Saturday, October 13, 2018

The Neil Simon Blogathon begins here!

Today I take your links.

Tomorrow Paddy takes them.

Let's see what you got.

Post your links in the comments or tweet them to me @ratzo318.

Thanks for joining us in saluting this great writer.

My post is on Brighton Beach Memoirs.

Maddy Loves Her Classic Films
California Suite

Caftan Woman
Simon on The Phil Silvers Show

Poppity Talks Classic Film
Seems Like Old Times

Once Upon a Screen
The Prisoner of Second Avenue

Friday, October 12, 2018

Brighton Beach Memoirs

The Neil Simon Blogathon is an event celebrating the life and career of the great American playwright, who left this world for a better one less than two months ago. Paddy and I thank you for joining us. Be sure to check out the rest of the entries this weekend!

Brighton Beach Memoirs
YouTube viewing

The Alvin Theatre, on West 52nd Street in the heart of midtown Manhattan, was renamed for Neil Simon in 1983, so he was a big deal for a long time before the 80s, but growing up, I used to think he was around for less time than that. I vaguely recall seeing ads on TV for his plays, but I had no sense of his history.

I only know his plays from their film adaptations, but I have yet to find one I dislike. I discovered Simon during my video store years in the 90s. It took me awhile to tie the name to the stories, but once I did, I began to notice some commonalities.

Friday, October 5, 2018

Heaven Can Wait (1978)

The James Mason Blogathon is an event celebrating the life and career of the actor, hosted by Maddy Loves Her Classic Films. For a complete list of participating blogs, visit the link at the host site.

Heaven Can Wait (1978)
YouTube viewing

Warren Beatty's Heaven Can Wait has nothing to do with the Don Ameche film of the same name; rather, it's a remake of the Robert Montgomery film Here Comes Mr. Jordan, which must have been a little confusing when it came out in 1978, but whatever. (In 2001, Chris Rock starred in a third version, Down to Earth.)

I wasn't fond of Jordan, not necessarily because of its premise — afterlife bureaucracy condemns a man to death before his time — but because of its poor plotting. Heaven attempts to improve on the original, and in a number of ways, it does, but I was still uncomfortable with the whole theme of fate, and things being "written," not to mention the lack of accountability for the mistakes made by the afterlife bureaucracy.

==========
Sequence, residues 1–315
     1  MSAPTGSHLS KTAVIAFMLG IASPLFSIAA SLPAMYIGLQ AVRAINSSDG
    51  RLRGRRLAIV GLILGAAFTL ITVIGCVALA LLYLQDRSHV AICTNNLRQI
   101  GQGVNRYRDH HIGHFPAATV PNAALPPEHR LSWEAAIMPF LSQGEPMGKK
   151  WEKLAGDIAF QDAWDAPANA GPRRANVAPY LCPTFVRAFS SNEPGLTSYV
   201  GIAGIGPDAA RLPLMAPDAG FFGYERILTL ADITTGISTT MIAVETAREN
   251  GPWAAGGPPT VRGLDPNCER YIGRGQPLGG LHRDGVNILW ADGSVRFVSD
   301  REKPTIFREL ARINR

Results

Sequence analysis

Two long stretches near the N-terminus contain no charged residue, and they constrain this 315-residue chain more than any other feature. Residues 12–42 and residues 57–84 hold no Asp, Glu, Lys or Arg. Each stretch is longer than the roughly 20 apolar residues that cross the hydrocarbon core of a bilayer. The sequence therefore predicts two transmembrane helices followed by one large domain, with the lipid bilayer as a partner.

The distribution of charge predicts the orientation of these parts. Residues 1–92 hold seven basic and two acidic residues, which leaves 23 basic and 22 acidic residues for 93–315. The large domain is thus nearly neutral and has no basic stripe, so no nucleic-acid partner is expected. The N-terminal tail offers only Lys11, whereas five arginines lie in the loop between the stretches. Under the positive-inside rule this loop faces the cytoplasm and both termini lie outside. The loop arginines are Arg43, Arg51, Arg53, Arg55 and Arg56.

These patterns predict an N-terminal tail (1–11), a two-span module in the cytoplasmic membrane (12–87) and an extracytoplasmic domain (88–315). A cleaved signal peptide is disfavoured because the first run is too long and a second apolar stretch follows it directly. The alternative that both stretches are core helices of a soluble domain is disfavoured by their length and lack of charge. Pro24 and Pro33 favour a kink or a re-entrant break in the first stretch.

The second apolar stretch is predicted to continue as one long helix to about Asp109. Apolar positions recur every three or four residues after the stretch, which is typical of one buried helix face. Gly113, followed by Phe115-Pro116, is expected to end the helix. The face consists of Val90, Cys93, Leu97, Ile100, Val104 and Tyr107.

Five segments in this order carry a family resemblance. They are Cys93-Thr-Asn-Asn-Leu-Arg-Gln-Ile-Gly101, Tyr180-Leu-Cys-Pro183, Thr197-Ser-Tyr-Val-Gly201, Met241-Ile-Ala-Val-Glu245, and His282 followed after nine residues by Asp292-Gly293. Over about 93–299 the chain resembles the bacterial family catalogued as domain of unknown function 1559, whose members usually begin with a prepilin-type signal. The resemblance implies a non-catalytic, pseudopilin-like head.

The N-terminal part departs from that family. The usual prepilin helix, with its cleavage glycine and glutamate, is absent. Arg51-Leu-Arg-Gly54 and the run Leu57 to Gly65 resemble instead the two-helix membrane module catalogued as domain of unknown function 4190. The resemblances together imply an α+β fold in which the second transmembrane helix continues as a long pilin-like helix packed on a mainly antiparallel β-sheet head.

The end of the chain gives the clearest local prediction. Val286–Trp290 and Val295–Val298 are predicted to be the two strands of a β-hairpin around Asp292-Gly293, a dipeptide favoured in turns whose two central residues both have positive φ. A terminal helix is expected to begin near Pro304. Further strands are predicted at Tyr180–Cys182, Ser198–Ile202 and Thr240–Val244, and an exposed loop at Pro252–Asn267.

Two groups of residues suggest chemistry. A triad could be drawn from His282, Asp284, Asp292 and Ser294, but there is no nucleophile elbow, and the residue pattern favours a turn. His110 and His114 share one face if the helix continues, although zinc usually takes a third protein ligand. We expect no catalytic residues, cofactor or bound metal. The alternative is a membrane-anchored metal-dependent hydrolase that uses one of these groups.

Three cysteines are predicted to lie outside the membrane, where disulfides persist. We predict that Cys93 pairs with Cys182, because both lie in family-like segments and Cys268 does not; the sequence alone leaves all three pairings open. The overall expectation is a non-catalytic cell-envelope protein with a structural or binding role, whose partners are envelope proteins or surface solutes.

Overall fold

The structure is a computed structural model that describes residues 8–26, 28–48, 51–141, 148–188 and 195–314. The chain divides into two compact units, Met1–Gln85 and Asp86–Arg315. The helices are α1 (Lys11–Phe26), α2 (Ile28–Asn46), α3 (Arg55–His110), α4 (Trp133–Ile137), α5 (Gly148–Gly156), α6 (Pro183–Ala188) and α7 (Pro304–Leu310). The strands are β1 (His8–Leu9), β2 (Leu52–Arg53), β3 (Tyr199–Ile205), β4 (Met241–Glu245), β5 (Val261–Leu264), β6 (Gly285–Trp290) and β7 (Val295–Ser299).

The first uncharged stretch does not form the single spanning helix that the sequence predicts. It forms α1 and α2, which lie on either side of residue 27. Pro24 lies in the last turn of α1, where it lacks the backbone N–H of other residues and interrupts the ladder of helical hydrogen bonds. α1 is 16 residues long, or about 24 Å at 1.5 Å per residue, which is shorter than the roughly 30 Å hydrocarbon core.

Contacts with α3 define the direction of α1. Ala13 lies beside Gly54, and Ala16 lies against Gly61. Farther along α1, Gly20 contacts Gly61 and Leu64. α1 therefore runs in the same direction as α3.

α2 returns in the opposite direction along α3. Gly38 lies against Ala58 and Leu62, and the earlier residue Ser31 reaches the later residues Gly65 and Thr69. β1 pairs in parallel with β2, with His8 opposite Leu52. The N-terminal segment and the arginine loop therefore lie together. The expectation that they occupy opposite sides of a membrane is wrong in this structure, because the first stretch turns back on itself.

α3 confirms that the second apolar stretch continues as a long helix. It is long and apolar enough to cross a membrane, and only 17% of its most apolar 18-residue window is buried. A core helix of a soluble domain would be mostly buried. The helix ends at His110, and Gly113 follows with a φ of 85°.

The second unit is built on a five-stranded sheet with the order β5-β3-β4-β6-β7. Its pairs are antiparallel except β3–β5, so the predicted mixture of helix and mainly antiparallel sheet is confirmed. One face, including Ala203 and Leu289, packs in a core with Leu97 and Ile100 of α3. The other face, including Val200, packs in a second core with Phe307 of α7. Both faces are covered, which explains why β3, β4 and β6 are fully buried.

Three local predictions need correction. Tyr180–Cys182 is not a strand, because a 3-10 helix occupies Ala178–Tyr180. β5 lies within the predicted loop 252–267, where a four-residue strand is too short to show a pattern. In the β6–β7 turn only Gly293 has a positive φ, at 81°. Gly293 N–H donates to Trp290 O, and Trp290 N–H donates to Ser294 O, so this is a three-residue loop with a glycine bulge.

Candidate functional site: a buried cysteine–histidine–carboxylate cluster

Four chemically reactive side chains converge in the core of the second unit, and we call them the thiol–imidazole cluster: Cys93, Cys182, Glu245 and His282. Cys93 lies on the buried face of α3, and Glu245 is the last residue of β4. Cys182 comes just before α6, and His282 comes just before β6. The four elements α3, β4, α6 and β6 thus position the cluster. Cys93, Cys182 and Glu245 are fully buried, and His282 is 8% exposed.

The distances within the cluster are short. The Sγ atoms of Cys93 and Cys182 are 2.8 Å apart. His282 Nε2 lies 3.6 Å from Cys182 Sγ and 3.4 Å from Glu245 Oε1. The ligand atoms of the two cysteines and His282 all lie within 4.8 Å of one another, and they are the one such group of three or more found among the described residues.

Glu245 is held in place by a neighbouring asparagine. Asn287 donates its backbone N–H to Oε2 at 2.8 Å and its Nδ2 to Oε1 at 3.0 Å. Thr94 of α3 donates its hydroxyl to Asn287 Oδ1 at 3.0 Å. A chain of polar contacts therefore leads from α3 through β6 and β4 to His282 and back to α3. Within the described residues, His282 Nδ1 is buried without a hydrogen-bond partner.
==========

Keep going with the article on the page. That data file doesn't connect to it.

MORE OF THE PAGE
That said, Heaven was entertaining, in a 70s kind of way. Beatty not only starred and co-directed, he co-wrote the screenplay, with Elaine May.

Beatty was a "New Hollywood" icon. After the tremendous success of Bonnie and Clyde, he positioned himself as a multitasker, writing, producing and directing the films he wanted to make at a time when young filmmakers had an unprecedented level of power in Hollywood.

In the Peter Biskind book Easy Riders, Raging Bulls, the pages on Heaven depict Beatty as a "finicky, obsessive" nitpicker. He butted heads with Warner Brothers management over the film's budget before taking it to Paramount, where he fussed over the potential female leads for not being his ex-flame Julie Christie. In the end, he talked Christie herself into the film.

Beatty's perfectionism paid off: Heaven was nominated for nine Oscars, including Picture, Director, Actor and Screenplay.

I didn't think it was nine Oscars worth of great, but I liked the humor, and the way the editing accentuated the pacing, making you really aware of the funny lines when they land. Dyan Cannon was great; she got a Supporting Actress nod — and so was Jack Warden, playing the same character as James Gleason in the original, and like him, getting a Supporting Actor nod.

We, however, are here today to talk about James Mason, taking over for Claude Rains in the role of Mr. Jordan and not doing much other than being stately and dignified.

Mason had a very long career, working steadily from the 30s to the 80s, mostly in high profile films on the big and small screens, including North by Northwest, A Star is Born, Lolita, 20,000 Leagues Under the Sea and many more.

His story was not unusual for Golden Age actors: started in British theater, then transitioned to the big screen during World War 2; came over to America and found greater fame. With his first wife, he co-wrote a book about cats, and illustrated it, too. Here's The Paris Review on his book, including some of his pen and ink drawings. They're pretty good.

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Other films with James Mason:
Forever Darling

Tuesday, October 2, 2018

New release roundup for September '18


I saw both these films with Virginia and we liked them both. Why didn't I write full posts about them? Because I didn't.

-BlacKkKlansman. Spike Lee has been kinda so-so lately, so it's nice to see such a stylish and entertaining film from him again. John David Washington is the son of Denzel Washington; he had a small role in Malcolm X years ago, according to IMDB. He sounds a lot like his dad, too. The most memorable moment for me was when the "white power" rhetoric of the Klansmen was juxtaposed against the "black power" dogma of the black activists. Unexpected and unsettling — that's Spike at his best. Virginia was particularly interested in the true story angle.